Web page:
Meagen Loring Catering
The seasonal bounty inspired a call to Maegen Loring, one of the most talented and popular chefs on the Central Coast. Her fans will follow her anywhere, and I have bad news and good news to tell. She is no longer an executive chef at Lido in Shell Beach. The good news is that she has re-established her Maegen Loring Catering Company, and she promises her new website will be discoverable soon. Contact her at email@example.com.
Trio of Crostini by Chef Maegen Loring
- 1 French baguette
- 6 garlic cloves, peeled
Thinly slice baguette at an angle. In a sauté pan, cover the bottom with EVOO.
Over medium heat fry bread slices until golden, adding more oil as needed between batches. Cut garlic cloves in half and rub cut side over each baguette slice. Set aside while preparing the toppings. Crostini can be pre-assembled and arranged on a platter, but will get soggy if left sitting too long. A simple alternative is to offer fillings in bowls with the crostini on the side, allowing guests to assemble their own.
Roasted peppers with gremolata
- 2 red bell peppers
- 2 yellow bell peppers
- 1 tsp. cumin seeds
- 4 cloves garlic, minced
- 1/2 cup EVOO
- Salt and pepper to taste
- Zest of one lemon, finely chopped
- 2 tbsp. of chopped flat leaf parsley
Place peppers under a heated broiler and cook until blackened. While still hot, place peppers in a sealed plastic bag and allow to cool. Peel off the blackened skin and cut pepper open to remove the pod and seeds. Slice flesh in thin strips and place in a bowl. Add the cumin seeds, half of the chopped garlic, EVOO, and salt and pepper to taste. Prepare gremolata by mixing garlic, lemon zest, and chopped parsley in a bowl. Place a spoonful of peppers on a crostini slice and top with a pinch of gremolata.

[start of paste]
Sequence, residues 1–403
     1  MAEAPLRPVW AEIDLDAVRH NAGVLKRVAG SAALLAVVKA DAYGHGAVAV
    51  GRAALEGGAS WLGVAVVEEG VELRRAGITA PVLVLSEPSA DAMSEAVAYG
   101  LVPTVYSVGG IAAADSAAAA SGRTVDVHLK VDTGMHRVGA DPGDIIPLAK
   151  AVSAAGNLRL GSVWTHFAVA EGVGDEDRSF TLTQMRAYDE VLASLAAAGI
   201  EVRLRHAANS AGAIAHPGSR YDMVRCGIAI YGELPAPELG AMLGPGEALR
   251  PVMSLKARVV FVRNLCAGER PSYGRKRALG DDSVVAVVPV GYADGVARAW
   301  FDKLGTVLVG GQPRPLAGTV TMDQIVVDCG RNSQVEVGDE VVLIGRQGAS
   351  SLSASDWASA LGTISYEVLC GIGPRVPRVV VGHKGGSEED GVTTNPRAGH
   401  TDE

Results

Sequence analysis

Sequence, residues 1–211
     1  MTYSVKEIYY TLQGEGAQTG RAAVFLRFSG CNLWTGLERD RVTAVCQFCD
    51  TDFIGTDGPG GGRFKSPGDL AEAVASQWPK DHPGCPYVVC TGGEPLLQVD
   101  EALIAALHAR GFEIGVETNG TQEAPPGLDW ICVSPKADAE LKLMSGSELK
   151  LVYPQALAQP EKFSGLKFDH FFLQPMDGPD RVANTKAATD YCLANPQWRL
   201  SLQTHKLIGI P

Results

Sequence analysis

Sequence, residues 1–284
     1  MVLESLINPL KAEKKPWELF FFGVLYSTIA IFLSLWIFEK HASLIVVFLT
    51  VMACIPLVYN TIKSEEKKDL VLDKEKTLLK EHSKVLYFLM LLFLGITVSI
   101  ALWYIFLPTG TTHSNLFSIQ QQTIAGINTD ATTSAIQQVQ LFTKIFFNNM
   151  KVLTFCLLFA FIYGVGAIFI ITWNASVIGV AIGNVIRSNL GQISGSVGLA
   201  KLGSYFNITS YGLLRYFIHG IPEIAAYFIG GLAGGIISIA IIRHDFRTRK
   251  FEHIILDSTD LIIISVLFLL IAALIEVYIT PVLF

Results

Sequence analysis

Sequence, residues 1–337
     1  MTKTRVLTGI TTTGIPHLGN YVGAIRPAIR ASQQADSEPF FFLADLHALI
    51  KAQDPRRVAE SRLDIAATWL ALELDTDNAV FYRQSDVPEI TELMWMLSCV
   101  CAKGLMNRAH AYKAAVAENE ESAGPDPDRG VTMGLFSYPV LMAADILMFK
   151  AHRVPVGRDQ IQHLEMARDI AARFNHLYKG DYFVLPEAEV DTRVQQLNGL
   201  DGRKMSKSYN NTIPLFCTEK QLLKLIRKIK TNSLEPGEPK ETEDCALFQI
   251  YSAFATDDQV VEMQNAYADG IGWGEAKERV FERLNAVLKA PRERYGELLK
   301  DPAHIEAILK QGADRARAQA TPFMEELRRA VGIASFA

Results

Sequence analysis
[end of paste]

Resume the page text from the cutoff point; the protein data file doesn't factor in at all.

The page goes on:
Spring pea puree with truffle oil and parmesan
- 1 large potato, peeled and cubed
- 1-1/2 cups fresh spring peas (or frozen peas defrosted)
- 1/2 cup EVOO
- 2 cloves garlic, finely minced
- Salt and pepper to taste
- 6 mint leaves, finely chopped
- Truffle oil
- Block of parmesan
Place potatoes in a saucepan, cover with water, bring to a boil and cook until soft.
Drain potatoes and mash with EVOO. Place peas in a food processor, chop until smooth, add garlic, salt, pepper, and mint, blend until smooth. In a bowl, stir the pea puree into the potato mixture. With a potato peeler, shave small pieces of cheese off the block. Place a spoonful of pea puree on a crostini, garnish with a drop of truffle oil and parmesan shavings.
Fig and Gorgonzola Topping
- 1-12 oz. pkg. Black Mission figs
- 1 cup gorgonzola cheese, crumbled
- 1/4 cup heavy cream, liquidSalt and pepper to taste
- Toasted or candied pecan halves
Chop figs in small pieces (pea-sized) and mix with next three ingredients. Mound a spoonful on a crostini and warm in a 350-degree oven until the cheese melts. Garnish with a pecan.
With these simple but delicious recipes, everyone will think you’re a chef. There’s no secret to making great food; it’s easy. It’s all about buying fresh, good quality ingredients and letting them shine.
Contact Cuisine columnist Kathy Marcks Hardesty at firstname.lastname@example.org.